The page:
2018 Performance review and lessons learned

It’s a new year and so once again it’s time to dust off my model portfolio and review (and then try to improve) its performance.

This year I’m going to look at performance, sales, purchases, mistakes made and lessons learned.

Short-term results are not so good, long-term results are okay but could be better

2018 was not exactly a record year for the UK stock market, with the FTSE All-Share and my model portfolio falling by 9% and 13% respectively.

Underperforming the market index in a year is mildly disappointing, but as a long-term investor what matters to me is long-term performance, not performance over a single day, week, month or year.

And over the long-term, the portfolio is still ahead of its All-Share benchmark, although not by as much as I’d like:

Performance Table 2019 01
Beating the market, but could do better

Ideally, I’d like to be ahead of the market by 3% per year on average, which would put my target annualised return at 10% compared to the market’s expected return of 7% (based on historic returns).

In reality, the margin of outperformance has, so far, averaged 1.6%, so I think there’s plenty of room for improvement.

Dividend income is ahead of the market, but again, by less than I’d like

As stock market investors we are investing in companies, so the performance of those companies is, in the long-term, much more important than the ups and downs of the emotional Mr Market.

For me, the best way to measure the performance of the companies I’m invested in is to look at their dividends.

That’s because dividends are a concrete return from investing which is not subject to any of the ‘adjustments’ or other accounting tricks which can be used to massage a company’s earnings or even its revenues.

Dividends aren’t a perfect measure though, especially if you’re looking at a single company.

But if you add up the dividends from a portfolio of 20 or 30 companies then the long-term growth of that aggregate dividend should be a pretty good guide to the growth of the intrinsic value of your portfolio.

For example, here’s a chart showing the annual dividends from both the model portfolio and its All-Share benchmark:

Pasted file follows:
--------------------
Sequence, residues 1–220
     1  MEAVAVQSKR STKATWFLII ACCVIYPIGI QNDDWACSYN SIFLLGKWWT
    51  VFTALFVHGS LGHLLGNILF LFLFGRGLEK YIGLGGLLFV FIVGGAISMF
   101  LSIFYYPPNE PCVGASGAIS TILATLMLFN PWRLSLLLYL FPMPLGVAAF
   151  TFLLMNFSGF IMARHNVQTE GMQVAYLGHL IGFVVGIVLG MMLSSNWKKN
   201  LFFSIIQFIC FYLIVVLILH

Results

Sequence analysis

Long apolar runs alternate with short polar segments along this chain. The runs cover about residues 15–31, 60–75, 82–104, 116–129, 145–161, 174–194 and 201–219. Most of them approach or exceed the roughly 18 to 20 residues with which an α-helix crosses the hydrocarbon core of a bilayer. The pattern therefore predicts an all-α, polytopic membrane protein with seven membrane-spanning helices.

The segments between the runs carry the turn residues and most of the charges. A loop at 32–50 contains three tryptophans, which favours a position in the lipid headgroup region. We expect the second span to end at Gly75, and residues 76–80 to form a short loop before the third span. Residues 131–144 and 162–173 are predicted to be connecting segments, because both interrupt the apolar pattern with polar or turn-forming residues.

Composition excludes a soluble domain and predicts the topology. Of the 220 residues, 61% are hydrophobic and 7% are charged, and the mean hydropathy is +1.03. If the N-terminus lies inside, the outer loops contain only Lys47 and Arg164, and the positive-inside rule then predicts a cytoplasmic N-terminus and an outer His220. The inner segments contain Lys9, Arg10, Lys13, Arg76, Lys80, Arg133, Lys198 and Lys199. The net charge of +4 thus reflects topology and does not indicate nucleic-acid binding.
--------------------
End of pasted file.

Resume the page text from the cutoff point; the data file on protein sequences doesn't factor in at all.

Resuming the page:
Dividend chart 2019 01
Dividend growth can be used as a guide to intrinsic value growth

The total annual dividends from both portfolios have marched upwards, reasonably progressively.

In fact, the All-Share tracker has managed to grow its dividend faster than my model portfolio, with their 2012-2018 annualised growth rates at 11.2% and 6.7% respectively.

To be honest, I think the 11.2% dividend growth rate of the All-Share is a bit of a short-term anomaly. It’s probably a recovery from the immediate post-crisis years, and the index is very unlikely to keep growing its dividend at 11% per year.

As with total returns, I’d expect dividend growth in an accumulative All-Share tracker (i.e. one that reinvests dividends) to be around 7% or so over the long term.

As for my portfolio’s 6.7% dividend growth rate, it’s below the market’s expected 7% growth rate. That’s probably due to the fact that my defensive value strategy has changed slightly since 2012, moving away from ‘value’ stocks and more towards ‘quality’ stocks.

As I’ve made this shift, the portfolio’s holdings have moved from high yield low-growth companies towards lower-yield higher growth companies, and this has probably held back the portfolio’s dividend growth.

That sounds like an excuse, but it isn’t, and I’m happy to be judged on my portfolio’s performance over the next five years, where the balance between quality stocks and value stocks is likely to stay about the same.

Companies sold in 2018

As usual, I followed my process of monthly trades, alternatively selling a holding one month and replacing it with something (hopefully better quality and or value) the following month.

In January I sold BP. After almost seven years in the portfolio, BP was no longer the sort of company I was looking to invest in.

It isn’t a growth company, it isn’t a defensive company, it has low margins and low returns on capital and its main products are all commodities, where sellers have virtually no pricing power.

None of these are attractive features, but when I bought BP in 2011 I was more interested in value than in growth, profitability or consistency.

Over the years my views have changed and I now prefer to invest in companies with more pricing power, more growth opportunities and less need for massive ongoing investment in expensive physical assets.